CAB cash should stay locally to deal with legacy of criminals

 

The report revealed that CAB has been a lot busier in Roscommon and Longford than elsewhere in the Garda divisions along the west coast

The annual review of the operations of the Criminal Assets Bureau (CAB) made for compulsory reading recently. In that review, the senior Gardai in charge of this organisation revealed the extraordinary sort of riches and material wealth they are able to take away from individuals and gangs who are believed to have assembled dozens of lucrative operations from the proceeds of crime around the country.

This is seriously big business. The money seized is the proceeds of activities like money laundering, tax evasion and social welfare theft. And there’s much more out there. We learned from the review that CAB is actually investigating 66 targets across the Roscommon/Longford Garda division. Nationally, CAB has already lifted an array of ‘goodies’ such as flashy cars, motorbikes, vans, 4x4s and plenty of gold watches, valuable clothing and even a little airplane.

Interestingly, the report revealed that CAB has been a lot busier in Roscommon and Longford than elsewhere in the Garda divisions along the west coast. The number of criminals under investigation is a lot higher here than ‘next door’ in Sligo/Leitrim where there are just 14 targets on CAB’s radar. There are just 5 in Mayo, 37 in Galway and 56 in Cavan/Monaghan – which is right along the border where more criminal cross-county activity might be expected. With Westmeath and Meath now having become a collective suburb of the capital city, I was not surprised that they have 85 ‘nice people’ under the CAB microscope – but one has to wonder why is Roscommon/Longford bucking that midlands and western trend?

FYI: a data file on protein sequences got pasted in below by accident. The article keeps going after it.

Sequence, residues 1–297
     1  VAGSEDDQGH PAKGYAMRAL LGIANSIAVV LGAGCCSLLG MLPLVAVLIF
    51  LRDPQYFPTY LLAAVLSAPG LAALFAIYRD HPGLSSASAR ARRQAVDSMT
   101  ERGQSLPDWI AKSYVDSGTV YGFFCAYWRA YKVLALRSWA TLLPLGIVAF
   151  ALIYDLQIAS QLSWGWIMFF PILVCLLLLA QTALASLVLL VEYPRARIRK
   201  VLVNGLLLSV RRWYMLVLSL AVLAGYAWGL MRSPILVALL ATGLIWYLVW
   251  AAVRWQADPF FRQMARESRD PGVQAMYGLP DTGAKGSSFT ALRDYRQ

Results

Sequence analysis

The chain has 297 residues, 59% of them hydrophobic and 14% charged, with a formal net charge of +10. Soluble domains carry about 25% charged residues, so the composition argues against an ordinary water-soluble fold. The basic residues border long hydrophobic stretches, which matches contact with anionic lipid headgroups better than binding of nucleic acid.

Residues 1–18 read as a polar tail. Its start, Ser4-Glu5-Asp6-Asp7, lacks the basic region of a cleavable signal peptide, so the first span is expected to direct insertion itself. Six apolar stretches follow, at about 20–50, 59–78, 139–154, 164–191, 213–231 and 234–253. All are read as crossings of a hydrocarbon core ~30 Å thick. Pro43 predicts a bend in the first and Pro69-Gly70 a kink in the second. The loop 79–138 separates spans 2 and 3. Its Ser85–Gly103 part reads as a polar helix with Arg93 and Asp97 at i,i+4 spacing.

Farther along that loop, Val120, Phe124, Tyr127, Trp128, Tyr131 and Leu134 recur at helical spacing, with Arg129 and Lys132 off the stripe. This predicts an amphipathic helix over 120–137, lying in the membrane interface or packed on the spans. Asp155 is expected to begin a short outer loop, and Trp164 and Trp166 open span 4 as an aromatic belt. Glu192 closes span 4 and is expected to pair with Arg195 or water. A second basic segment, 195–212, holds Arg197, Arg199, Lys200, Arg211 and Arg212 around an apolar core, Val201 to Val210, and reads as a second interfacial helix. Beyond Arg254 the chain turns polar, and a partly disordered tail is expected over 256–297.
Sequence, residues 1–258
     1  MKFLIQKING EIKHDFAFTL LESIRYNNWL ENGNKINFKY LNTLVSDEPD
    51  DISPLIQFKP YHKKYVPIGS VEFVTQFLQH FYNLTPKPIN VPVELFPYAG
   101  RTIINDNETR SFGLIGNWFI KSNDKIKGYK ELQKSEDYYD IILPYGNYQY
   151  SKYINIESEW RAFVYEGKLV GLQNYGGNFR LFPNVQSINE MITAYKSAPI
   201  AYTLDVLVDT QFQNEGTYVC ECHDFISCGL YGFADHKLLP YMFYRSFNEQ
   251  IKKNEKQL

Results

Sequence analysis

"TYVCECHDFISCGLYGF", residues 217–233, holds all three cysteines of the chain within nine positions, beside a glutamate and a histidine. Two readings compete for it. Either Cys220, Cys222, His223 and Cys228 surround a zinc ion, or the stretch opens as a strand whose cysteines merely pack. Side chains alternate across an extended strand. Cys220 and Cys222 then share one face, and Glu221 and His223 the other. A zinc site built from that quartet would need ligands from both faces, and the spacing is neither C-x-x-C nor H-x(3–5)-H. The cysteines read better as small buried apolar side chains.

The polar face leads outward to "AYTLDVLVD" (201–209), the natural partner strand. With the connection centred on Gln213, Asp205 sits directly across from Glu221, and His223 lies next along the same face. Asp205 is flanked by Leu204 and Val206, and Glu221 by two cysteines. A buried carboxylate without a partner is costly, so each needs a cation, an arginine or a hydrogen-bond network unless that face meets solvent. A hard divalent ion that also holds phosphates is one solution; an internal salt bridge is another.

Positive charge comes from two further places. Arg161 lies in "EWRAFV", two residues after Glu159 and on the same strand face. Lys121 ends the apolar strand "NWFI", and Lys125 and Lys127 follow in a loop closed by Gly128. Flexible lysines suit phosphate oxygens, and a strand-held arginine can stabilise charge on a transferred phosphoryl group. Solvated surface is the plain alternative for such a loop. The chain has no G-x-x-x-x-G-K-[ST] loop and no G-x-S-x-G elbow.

The major money being hauled in by CAB is perhaps the statistic that jumped out most in their annual report. It got me thinking about how they run their operations and where the cash actually goes after they lift it. More than €4.2 million was gathered up for the Irish Exchequer in 2020 from the proceeds of crime. I can tell you that the Minister for Finance and his Cabinet colleagues are very happy to see it coming into the kitty.

Investigating this sort of crime is an expensive business. It takes hours and hours of Garda work in the banks and significant undercover activity to establish beyond any doubt who actually owns or bought that flash car or the Swiss gold watch. It can take many more years to get this stuff past the courts and move in and take the dough away from the gangs.